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One issue with lithium battery purchases is that some buyers go with the smallest battery they can, and then use foam inserts and such, to make the battery fit securely in the stock compartment. Smaller LiFEPo batteries typically have a similar CCA rating to the stock sized Lead/AGM batteries, so they are usually listed as suitable for use when cross referenced with the stock battery. But, the smaller LiFEPo batteries lack the amp-hour/Ah rating. The result is a LiFEPo battery that gives all of its Ah to just a few start up attempts, or drains too much due to accessories like aux lights, phone/gps charging, heated grips/gear, etc. When I shop for a LiFEPo, I look at the stock battery dimensions and polarity placement, then go for a physically same-sized LiFEPo battery with the most Ah I can find (CCA is generally high enough not to be a factor), and at a reasonable price. I also maintain them (occasionally) with a suitable charger. (Battery Tender Jr. Switchable, in my case). I've used WPS and BikeMaster LiFEPo batteries between my KTM, Ducati, Aprilia, and Honda, and never had an issue.
Is there any weight advantage to a lithium battery that's as large as the lead-acid it replaces?
 

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Is there any weight advantage to a lithium battery that's as large as the lead-acid it replaces?
Absolutely there is. Within ounces to that of using a smaller lithium battery.

For example, my CBR 1000 shows WPS HTZ7S-FP as the indicated battery to use, which is slightly smaller than the stock battery, but has the required 150 CCA. It also has only 2.7 Ah. The stock has 130 CCA and 6.4 Ah. Instead, I purchased the HTZ7S-FPP (notice the extra P), which is the exact size of the stock battery. The one I purchased has an Ah rating of 5.4 (closer to stock), and a whopping 240 CCA. The weight difference between the 2 was half a pound, but still 3 pounds lighter than stock. So the trade off of 8 ounces was well worth it. Fires right up every time, and can handle a load even at low RPM, when the bikes charging cycle isn't producing much.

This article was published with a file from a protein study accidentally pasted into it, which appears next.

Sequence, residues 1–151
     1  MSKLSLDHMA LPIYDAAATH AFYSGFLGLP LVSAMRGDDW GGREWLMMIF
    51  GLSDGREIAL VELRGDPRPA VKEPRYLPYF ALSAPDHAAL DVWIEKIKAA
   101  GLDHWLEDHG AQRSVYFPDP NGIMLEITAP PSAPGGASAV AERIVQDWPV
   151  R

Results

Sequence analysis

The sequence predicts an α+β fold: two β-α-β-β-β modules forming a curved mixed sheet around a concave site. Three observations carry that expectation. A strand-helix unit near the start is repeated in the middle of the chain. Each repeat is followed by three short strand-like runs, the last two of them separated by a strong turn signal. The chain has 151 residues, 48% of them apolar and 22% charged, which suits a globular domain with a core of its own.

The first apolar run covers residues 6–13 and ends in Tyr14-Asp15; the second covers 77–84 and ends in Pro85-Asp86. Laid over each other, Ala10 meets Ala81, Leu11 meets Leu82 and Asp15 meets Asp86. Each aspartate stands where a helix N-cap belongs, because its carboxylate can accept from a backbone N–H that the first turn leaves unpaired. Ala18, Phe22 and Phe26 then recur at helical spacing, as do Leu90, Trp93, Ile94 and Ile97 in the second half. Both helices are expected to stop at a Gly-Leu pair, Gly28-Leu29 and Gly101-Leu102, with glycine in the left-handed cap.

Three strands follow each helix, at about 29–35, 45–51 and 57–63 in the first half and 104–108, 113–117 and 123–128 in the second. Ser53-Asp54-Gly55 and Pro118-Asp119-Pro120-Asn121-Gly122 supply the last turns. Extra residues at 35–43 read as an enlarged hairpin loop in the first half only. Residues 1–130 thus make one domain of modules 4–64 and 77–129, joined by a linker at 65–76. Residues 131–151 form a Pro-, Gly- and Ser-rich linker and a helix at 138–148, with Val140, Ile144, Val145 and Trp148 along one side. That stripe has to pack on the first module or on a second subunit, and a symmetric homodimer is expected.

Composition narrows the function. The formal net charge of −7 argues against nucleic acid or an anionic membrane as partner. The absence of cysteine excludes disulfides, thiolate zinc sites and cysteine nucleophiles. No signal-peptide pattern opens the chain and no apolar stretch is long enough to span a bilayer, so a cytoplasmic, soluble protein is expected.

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My local shop suggested a tip for starting in the cold. First turn the bike on. Then tap the starter and release it before the bike can start. Then turn the bike off for 30 seconds. Turn the bike on and start it normally. I have tried it all week and it works pretty well. Try it!
Thanks for the tip! I haven't had an issue, yet we were in 23-degree weather. My 2019 KTM 500 EXC F started 1st time!
 

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2016 1190 Adv, 2020 890 DukeR, 2008 Buell 1125R
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My local shop suggested a tip for starting in the cold. First turn the bike on. Then tap the starter and release it before the bike can start. Then turn the bike off for 30 seconds. Turn the bike on and start it normally. I have tried it all week and it works pretty well. Try it!
That's pretty common. In cold weather the batteries need to warm up a touch. Turning on the accessories and keeping the headlight on for a bit do the same.

Thanks for the tip.
I have a shorai in my buell. Immediate reduction of about 8lbs higher up on the bike.
 
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